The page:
The overall education policy and even more strongly, in my home state of New Jersey, encourages the development of charter schools. Often, support for charter schools is framed in the context of competition being good for education, as it is in business.
Editor's note: Today's guest blogger is Thom Markham, a psychologist, educator, and president of Global Redesigns, an international consulting organization focused on project-based learning, social-emotional learning, youth development, and 21st-century school design. He formerly directed the Buck Institute for Education's national training program in PBL and is the primary author of BIE'sHandbook on Project Based Learning.
Tim Brennan is the Founder of the DREAMER Institute for Connective Living. He is also a life-long public educator and has been pursuing a deeper understanding of the importance of social, emotional and character development (SECD) well before he was familiar with those terms. I believe his perspective adds important depth to our collective understanding of SECD and what it means to learn authentically and well.
Have you read Spirit: Defining Our World? It's a magazine published by Special Olympics to promote their programs and share information and inspire those who are interested in the organization and its goals. There are remarkable stories of individuals who refuse to be defeated by their handicapping conditions.
Today, November 22, is the National Day of Blogging for Real Ed Reform. Started as a grassroots movement by Ira Socol on his SpeEdChange blog, educator bloggers from around the globe are posting today to "take back the agenda" of education reform. You can see a list of blogs at Cooperative Catalyst.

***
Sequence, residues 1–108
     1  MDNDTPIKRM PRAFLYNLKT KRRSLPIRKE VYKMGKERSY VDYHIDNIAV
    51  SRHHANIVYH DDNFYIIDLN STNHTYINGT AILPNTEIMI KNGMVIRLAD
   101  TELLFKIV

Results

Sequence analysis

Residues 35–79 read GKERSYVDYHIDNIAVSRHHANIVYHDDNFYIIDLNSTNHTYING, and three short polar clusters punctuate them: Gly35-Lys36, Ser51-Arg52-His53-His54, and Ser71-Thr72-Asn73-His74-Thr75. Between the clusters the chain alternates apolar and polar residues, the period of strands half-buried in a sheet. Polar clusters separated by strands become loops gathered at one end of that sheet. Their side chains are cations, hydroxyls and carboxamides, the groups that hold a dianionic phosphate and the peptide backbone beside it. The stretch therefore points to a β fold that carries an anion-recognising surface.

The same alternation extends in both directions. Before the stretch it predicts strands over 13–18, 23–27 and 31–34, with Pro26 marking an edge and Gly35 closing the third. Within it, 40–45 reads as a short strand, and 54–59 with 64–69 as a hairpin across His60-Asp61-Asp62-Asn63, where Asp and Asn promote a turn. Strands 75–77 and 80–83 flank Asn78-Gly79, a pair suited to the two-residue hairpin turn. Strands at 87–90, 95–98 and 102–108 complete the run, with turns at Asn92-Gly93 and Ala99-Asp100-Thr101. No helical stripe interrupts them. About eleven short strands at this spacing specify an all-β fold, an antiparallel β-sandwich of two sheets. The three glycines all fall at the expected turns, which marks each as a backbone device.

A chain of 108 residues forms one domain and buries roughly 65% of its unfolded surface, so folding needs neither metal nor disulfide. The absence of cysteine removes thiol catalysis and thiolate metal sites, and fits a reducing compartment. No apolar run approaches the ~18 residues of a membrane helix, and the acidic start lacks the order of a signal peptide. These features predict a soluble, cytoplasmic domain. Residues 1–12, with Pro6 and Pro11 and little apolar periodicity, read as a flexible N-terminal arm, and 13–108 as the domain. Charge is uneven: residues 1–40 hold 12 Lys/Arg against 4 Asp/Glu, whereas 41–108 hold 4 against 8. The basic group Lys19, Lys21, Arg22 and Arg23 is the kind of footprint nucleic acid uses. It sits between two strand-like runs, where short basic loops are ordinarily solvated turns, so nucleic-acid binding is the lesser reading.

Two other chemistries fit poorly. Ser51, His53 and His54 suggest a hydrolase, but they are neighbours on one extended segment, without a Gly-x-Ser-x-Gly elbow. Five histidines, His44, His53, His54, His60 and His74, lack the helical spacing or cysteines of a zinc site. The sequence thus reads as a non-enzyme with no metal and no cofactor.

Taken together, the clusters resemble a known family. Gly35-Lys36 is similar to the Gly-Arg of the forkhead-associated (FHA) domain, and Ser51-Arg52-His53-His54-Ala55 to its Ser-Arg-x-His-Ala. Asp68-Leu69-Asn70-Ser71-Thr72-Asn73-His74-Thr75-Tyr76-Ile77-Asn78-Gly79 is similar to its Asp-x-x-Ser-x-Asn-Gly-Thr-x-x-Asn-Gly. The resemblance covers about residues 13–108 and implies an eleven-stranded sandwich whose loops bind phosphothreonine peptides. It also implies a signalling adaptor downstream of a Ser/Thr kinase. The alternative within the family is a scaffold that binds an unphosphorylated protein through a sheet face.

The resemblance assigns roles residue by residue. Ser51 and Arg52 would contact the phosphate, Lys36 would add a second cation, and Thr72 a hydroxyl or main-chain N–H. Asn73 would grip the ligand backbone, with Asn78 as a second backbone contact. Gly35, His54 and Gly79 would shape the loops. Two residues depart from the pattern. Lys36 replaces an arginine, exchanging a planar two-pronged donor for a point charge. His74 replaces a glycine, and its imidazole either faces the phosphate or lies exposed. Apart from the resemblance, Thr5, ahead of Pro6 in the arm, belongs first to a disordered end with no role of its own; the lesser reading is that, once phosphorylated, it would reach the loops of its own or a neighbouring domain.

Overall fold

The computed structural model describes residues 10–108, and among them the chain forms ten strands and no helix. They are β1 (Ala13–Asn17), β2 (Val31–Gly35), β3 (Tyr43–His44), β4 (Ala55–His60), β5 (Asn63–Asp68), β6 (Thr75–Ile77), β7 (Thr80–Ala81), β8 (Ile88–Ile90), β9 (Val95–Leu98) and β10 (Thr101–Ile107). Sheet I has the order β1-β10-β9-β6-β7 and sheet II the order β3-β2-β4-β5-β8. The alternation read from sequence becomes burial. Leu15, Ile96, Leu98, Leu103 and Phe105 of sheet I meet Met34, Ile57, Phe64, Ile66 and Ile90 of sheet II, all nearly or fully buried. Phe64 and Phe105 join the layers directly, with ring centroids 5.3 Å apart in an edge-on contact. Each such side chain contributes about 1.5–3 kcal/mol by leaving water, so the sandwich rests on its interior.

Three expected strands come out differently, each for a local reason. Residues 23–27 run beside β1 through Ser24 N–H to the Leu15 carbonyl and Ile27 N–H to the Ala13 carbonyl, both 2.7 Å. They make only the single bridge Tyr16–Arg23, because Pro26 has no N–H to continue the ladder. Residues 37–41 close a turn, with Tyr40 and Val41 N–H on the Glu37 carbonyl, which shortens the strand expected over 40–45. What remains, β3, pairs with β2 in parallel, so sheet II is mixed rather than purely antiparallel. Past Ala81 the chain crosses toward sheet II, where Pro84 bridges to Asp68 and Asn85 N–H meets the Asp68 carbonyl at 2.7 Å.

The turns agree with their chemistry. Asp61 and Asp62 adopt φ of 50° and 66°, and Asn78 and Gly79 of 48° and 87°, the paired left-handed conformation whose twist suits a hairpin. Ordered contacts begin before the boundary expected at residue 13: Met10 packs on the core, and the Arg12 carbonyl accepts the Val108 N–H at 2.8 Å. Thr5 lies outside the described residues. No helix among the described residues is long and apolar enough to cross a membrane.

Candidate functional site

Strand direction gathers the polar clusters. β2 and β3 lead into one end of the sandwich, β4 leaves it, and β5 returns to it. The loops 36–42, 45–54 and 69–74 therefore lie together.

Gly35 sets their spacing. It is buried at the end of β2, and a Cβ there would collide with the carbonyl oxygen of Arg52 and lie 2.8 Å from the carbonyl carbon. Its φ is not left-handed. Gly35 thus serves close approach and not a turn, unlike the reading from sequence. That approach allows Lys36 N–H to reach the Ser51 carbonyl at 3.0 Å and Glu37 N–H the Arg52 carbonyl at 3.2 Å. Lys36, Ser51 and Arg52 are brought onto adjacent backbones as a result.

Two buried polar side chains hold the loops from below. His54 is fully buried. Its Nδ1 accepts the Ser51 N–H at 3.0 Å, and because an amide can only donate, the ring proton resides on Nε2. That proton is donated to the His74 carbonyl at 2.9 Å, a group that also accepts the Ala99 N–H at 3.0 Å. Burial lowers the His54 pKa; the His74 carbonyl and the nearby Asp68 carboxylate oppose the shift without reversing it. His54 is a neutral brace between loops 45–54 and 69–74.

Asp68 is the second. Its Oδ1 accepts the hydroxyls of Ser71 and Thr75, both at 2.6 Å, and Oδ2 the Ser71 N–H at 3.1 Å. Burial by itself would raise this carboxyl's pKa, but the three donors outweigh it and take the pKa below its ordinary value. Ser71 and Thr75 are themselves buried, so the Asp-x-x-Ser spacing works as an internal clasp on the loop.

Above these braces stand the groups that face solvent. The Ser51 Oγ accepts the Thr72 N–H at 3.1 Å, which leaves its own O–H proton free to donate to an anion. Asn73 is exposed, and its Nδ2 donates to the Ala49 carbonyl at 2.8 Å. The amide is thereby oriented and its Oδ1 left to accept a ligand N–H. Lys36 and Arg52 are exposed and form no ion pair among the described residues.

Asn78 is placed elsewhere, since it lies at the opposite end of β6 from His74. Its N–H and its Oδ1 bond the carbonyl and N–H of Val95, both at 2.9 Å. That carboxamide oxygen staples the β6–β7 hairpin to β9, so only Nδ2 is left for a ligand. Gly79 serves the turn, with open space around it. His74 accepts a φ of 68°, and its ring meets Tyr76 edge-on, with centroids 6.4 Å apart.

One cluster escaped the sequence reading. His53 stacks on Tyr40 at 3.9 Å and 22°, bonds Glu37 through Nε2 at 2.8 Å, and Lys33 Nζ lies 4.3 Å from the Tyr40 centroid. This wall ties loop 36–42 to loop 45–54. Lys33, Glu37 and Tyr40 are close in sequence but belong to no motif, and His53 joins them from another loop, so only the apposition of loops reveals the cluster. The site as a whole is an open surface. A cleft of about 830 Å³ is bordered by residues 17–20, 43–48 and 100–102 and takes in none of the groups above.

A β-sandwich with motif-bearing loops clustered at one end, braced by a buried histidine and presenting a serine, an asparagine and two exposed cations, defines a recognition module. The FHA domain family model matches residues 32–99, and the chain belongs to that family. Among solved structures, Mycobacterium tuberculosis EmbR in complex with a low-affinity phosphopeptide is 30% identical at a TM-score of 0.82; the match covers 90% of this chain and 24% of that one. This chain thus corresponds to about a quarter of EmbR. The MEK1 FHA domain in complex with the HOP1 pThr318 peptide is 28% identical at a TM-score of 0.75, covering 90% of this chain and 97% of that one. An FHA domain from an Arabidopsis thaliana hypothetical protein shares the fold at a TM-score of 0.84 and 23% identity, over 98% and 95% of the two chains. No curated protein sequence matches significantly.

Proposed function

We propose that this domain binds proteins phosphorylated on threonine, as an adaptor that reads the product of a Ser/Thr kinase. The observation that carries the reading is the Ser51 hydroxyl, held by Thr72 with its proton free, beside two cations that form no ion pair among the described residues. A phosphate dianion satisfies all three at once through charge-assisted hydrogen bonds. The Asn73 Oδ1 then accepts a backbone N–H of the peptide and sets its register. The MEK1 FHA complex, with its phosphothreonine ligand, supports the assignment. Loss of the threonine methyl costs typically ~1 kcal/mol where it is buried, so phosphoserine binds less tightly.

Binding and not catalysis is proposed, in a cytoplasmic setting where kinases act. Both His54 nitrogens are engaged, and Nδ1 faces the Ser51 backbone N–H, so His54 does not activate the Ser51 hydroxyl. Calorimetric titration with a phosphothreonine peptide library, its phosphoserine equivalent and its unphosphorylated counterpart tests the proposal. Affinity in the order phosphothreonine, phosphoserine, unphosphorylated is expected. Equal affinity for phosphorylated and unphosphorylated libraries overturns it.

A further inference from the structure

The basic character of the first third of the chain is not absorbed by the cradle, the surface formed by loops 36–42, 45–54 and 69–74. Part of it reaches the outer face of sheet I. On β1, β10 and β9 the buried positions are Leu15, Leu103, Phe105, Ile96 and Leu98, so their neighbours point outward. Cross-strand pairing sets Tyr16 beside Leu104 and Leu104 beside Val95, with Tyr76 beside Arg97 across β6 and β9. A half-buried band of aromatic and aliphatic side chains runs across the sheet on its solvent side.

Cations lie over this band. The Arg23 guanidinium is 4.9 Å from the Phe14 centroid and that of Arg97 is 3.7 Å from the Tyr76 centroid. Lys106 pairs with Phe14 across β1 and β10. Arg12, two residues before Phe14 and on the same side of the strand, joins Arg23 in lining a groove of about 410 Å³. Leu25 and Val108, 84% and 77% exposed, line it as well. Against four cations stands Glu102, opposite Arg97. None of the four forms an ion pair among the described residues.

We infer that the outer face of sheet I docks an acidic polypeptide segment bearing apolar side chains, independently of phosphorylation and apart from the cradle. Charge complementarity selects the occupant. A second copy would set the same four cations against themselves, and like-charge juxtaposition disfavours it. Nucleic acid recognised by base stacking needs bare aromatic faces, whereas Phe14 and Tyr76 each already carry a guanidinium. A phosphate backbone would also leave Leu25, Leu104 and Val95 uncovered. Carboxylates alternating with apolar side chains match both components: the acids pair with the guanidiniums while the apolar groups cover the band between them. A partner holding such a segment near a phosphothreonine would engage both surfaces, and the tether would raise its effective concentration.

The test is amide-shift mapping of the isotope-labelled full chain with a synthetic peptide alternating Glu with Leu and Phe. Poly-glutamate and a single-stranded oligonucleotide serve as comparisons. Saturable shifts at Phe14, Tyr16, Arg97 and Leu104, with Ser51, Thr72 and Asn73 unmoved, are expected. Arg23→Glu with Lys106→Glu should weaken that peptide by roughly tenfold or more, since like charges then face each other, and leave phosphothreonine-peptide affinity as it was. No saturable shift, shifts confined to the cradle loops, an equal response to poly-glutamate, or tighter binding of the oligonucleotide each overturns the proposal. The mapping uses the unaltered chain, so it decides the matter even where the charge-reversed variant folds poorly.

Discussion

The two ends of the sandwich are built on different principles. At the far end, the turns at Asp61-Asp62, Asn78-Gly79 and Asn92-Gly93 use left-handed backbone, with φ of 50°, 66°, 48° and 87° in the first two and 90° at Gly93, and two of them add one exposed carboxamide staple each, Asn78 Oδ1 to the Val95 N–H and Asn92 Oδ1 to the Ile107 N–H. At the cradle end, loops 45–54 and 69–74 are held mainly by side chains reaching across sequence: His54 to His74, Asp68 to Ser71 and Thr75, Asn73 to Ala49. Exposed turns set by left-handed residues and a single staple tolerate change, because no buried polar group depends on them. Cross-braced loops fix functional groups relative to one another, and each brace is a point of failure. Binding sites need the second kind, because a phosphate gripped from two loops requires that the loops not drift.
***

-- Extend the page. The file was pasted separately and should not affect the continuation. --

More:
I'm beginning to agree with traditionalists who argue that education should go back to the old days -- if we could be assured of landing at Midland, an elementary school in Rye, New York, between 1956 and 1966. More specifically, alighting in the classroom of teacher Albert Cullum. He had an intuitive sense of what worked in education, regularly incorporating teaching methods from project learning to social emotional learning, long before they had academic labels.
What do you think about the situation in the Newark public schools? Do you think it's a good idea for the governor of New Jersey to engineer a $100 million gift, and matching funds, to just one district of more than 550 in New Jersey?
A few months ago, I had the opportunity to attend a panel discussion called "Culture Shift, Alternatives to Suspension: Creating Connections for All Students," which highlighted the effectiveness of a restorative justice and youth court as an innovative approach to juvenile justice.